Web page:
Audience favorite, Karl Lagerfeld’s 2014-15 wedding gown acts as the fashionable focal point for the entire exhibit. Sitting atop a raised dais, the viewer is immediately confronted by Mr. Lagerfeld’s neo-Baroque, scuba knit synthetic creation. The sequined train, an elaborate repetition of a pixelated brocade pattern is the ultimate amalgam of the machine made and the hand made. This gown is the innovative heir to the simple yet painstakingly created lace flowers of the 19th century Irish wedding dress displayed later on in Manus x Machina.
Viewers are given space to ponder under endless yards of scrim, which the architects from OMA have utilized in a stark homage to the basilica structure within the belly of the Met building.
Manus x Machina is a delight for the eyes, but the exhibit lacks the pizzazz and theatrical opulence museum-goers have come to expect from previous fashion exhibitions like China: Through the Looking Glass and Alexander McQueen: Savage Beauty. Like hemlines of many of the Iris Van Herpen frocks, Andrew Bolton’s Manus x Machina is perhaps a little too skimpy when it comes to providing visitors with information about the respective crafts of the fashion metier.
Written by Mallory O’Donoghue
Graphics by Patricia Lesyk
Gilding, covering a surface in a layer of gold, has ensnared the human imagination for millennium. Traces of beaten gold have been found in weather-worn papyri of Old Kingdom Egypt, and in artifacts from cultures and civilizations as disparate as Ancient Rome to the “Far East.”
Since these early forays into gold plating, gilding has been used to decorate all manner of items from furnishings, signs, manuscripts, book covers, and the canvases of the finest paintings. In contemporary culture however, most associate gilding with the patinated frames and mirrors found in historic homes and museums.
But do we really see these gilded beauties? Unfortunately the answer is often no. Despite the very dear cost which these gilt creations can garner, in price, time, and labor, frames are often seen merely as a “finishing touch,” what John Peder Zane of the New York Times would dub“the Ginger Rogers” of art. It is only in the last two decades that these pieces have been elevated from a sort of artistic garnish to items requiring the same amount of craft as the paintings, drawings, and pastels which they house.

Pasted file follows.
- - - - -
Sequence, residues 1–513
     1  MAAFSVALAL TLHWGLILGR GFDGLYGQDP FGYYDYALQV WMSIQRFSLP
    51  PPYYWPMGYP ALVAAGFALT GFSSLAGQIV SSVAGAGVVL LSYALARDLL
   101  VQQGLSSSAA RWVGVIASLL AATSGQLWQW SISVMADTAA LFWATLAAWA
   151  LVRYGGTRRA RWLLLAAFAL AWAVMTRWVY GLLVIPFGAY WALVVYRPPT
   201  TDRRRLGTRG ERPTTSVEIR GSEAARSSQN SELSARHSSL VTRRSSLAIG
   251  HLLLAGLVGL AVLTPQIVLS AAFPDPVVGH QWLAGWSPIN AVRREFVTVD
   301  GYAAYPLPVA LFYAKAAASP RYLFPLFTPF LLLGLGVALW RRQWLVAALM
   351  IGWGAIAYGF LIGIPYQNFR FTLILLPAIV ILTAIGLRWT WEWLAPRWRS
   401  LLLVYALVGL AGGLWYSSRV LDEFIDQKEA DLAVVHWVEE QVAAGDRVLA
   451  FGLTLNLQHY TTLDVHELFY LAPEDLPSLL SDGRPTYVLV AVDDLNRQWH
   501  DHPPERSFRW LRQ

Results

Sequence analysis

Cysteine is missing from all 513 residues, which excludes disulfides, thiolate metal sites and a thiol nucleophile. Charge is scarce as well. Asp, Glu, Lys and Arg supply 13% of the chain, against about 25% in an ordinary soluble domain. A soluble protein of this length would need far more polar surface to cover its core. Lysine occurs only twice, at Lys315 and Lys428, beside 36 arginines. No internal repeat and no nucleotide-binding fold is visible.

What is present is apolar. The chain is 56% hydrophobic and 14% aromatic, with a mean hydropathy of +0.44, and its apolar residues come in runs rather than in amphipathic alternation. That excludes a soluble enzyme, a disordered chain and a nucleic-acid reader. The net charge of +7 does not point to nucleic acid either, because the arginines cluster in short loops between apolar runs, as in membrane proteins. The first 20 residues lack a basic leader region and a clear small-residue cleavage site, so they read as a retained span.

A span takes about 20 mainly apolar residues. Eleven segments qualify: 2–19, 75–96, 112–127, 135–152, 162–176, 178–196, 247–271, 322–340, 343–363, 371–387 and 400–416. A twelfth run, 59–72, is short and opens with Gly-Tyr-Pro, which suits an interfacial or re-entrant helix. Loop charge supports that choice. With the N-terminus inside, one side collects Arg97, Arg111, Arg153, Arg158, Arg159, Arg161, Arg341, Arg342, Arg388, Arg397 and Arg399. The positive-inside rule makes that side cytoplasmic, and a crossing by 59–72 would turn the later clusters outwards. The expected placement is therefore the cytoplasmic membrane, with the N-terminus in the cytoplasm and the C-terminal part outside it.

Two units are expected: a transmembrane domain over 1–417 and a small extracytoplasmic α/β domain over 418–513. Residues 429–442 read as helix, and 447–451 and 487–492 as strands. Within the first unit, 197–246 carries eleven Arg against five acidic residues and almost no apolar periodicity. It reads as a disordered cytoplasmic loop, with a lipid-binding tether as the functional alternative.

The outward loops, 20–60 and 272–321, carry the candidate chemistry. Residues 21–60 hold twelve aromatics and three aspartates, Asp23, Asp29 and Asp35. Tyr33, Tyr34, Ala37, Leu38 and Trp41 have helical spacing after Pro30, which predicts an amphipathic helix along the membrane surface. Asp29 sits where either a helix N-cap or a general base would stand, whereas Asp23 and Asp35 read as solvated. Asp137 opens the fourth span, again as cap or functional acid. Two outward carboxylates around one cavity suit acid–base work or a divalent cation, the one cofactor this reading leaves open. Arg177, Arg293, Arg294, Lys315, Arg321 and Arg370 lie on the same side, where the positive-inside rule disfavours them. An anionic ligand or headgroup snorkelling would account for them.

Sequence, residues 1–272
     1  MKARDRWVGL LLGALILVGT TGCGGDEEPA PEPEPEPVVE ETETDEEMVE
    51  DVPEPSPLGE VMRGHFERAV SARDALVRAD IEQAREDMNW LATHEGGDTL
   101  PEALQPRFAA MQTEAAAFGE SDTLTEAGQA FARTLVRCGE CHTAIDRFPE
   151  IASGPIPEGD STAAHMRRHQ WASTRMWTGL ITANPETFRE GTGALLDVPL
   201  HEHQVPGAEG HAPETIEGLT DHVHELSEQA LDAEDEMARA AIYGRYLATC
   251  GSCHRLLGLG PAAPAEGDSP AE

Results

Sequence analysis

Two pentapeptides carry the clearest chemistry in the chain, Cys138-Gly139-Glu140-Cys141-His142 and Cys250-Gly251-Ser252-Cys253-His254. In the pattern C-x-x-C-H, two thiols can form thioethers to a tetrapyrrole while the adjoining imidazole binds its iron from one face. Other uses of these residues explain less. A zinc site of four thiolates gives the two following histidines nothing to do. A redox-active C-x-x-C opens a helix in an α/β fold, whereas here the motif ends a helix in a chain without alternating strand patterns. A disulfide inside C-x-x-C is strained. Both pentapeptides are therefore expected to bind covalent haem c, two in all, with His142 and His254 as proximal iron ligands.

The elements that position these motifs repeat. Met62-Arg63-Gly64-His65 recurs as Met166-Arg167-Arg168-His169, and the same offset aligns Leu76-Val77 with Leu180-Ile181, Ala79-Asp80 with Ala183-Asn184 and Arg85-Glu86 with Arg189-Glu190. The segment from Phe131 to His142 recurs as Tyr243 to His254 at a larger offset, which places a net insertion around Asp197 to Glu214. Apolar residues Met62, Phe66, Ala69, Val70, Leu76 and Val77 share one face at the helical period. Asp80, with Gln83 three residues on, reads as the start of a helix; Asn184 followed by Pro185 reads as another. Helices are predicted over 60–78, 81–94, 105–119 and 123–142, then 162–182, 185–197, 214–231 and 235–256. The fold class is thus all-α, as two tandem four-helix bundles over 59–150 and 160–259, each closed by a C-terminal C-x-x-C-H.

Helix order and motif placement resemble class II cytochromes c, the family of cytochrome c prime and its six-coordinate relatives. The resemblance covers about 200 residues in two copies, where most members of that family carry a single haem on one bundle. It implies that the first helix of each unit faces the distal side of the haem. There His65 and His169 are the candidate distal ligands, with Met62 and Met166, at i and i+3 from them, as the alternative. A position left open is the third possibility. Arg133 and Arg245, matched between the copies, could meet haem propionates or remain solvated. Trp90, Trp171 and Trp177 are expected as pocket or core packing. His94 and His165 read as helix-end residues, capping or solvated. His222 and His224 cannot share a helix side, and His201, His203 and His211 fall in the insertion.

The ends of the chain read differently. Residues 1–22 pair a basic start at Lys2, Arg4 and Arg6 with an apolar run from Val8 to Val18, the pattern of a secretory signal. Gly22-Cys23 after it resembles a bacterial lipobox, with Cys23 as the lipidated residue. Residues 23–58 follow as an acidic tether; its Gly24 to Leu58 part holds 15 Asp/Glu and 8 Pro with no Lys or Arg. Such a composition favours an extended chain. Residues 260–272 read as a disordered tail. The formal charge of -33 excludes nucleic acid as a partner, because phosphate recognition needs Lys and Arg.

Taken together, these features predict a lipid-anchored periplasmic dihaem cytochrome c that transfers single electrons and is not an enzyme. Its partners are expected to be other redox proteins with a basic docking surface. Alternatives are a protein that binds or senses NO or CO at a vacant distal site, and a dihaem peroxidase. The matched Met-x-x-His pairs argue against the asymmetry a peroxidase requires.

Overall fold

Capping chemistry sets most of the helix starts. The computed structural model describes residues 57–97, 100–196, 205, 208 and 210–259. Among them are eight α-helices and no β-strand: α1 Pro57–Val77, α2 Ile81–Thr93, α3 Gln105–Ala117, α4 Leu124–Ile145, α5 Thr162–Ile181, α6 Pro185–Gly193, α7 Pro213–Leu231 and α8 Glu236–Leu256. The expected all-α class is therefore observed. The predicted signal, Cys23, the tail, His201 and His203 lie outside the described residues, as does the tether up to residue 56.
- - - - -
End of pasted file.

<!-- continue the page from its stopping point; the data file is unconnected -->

Like any craft, gilding requires the patience and labor of a skilled artisan. Water gilding, the technique most often utilized for frames, is made up of many intricate steps.
First a layer of glue is applied to the “bare-bones” of the frame (having been previously carved and sanded). Then several coats, sometimes more than a dozen, of gesso are applied, sanded, and polished. Gesso is a mixture of gypsum (also known as plaster of Paris), a rather chalky material, and animal glue (usually rabbit skin). Atop the gesso, several layers of bole (a reddish combination of clay and glue) are added and smoothed to create a perfectly even surface to apply the gold leaf. Each leaf can be up to 1/250,000th of an inch thick and are so light and feathery that the artisan must take great care not to let it simply fly away from their work surface. After these precious layers are added, the final step is to burnish the frame. This is done with an agate stone tool, or with the traditional tool which is tipped with a smoothed dog tooth. Passing the tool across the surface of the gold leaf leaves the frame with a truly brilliant shine.
A process like this means that these frames can be nearly as costly, if not more so, than the art they enclose. Recently, a frame by Eli Wilner & Co. for a Van Gogh took over 200 hours of labor and sold for $48,000. This same company constructed the 3,000 pound basewood piece which now frames the Met’s 21 feet by 12 feet Washington Crossing the Delaware . An undertaking that required 12,500 pieces of gold leaf, and cost upwards of 500,000 dollars.
The astronomical amount of labor, and the accompanying price tag, needed to complete one of these frames was true for earlier framers as well. When Sandro Botticelli’s Virgin and Child Enthroned was encased in a gilt frame the patron, Giovanni de’Bardi, paid both Botticelli and the framer the same exact commission.
Take a look at some of our favorite gilt frames here and our website!
Written by Mallory O’Donoghue
Graphics by Patricia Lesyk
As co-owner of The Antique And Artisan Gallery, collecting is quite literally Mari Ann Maher’s business. When not combing the Gallery to find that “perfect piece” for a client’s collection she has slowly and surely been adding to a very special “trove” of her own.
Transferware- blue, brown, black, or the elusive yellow, has been a favorite of collectors since its initial production. When these artistic ceramics first came into vogue during the 18th century, hostesses sought to beautify their tables with pretty transferware scenes of landscapes, rural amore, and chinoiserie motifs.
Now, hundreds of years later the popularity of transferware endures with 21st century collectors like Mari Ann.
A special thanks to Gail Geibel and Mark Brown and Tim Sublette of Seekers Antiques for their research for this article.In the photo of Mari Ann and this post’s “banner”, the following is the information regarding those plates and platters featured:
Upper corner, from left to right:
First Row– “William Penn’s Treaty” platter by Thos. Godwin or Thos. Green followed by several Canova plates, most are Thos. Mayer.
Second Row– “Millennium” by Canova, “Beatrice” plate by Wedgwood and Company, Millennium–Beatrice, platter by Canova, square sauce tureen by Canova.
Third Row-“Fisherman” red and brown plate by E.Wood & Sons
Final Row– “Bosphorus” platter by James Jamieson, Canova plate, followed by “Fountain” plate by E. Wood & Sons, and “Burma” platter by Grindley.
Written by Mallory O’Donoghue
Graphics by Patricia Lesyk